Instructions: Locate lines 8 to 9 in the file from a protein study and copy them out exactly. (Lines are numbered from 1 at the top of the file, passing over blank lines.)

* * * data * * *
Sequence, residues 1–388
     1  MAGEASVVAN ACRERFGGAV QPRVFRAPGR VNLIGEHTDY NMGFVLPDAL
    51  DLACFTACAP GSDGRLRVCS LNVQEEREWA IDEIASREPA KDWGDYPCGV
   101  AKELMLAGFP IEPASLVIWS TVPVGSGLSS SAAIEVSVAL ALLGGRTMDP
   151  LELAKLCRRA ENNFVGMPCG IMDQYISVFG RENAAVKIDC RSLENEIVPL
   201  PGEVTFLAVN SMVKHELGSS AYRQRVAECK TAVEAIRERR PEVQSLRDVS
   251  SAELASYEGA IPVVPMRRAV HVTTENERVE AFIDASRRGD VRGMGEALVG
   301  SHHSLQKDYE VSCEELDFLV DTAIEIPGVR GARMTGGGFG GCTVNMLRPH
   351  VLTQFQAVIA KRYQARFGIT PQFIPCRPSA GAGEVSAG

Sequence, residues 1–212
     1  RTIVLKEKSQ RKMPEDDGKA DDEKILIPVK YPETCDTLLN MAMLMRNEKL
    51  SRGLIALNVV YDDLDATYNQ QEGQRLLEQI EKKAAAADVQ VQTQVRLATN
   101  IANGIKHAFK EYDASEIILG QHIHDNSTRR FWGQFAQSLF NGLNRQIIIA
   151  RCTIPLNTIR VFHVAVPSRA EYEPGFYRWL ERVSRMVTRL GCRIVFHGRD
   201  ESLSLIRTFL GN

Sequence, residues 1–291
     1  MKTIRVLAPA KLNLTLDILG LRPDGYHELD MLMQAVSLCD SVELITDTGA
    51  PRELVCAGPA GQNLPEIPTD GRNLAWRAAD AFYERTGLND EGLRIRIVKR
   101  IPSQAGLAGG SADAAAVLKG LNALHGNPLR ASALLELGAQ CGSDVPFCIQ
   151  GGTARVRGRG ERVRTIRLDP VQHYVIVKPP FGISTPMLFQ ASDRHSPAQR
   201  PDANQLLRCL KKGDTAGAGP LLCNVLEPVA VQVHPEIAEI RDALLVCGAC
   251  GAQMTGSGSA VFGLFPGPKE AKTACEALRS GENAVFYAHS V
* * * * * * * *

   301  SHHSLQKDYE VSCEELDFLV DTAIEIPGVR GARMTGGGFG GCTVNMLRPH
   351  VLTQFQAVIA KRYQARFGIT PQFIPCRPSA GAGEVSAG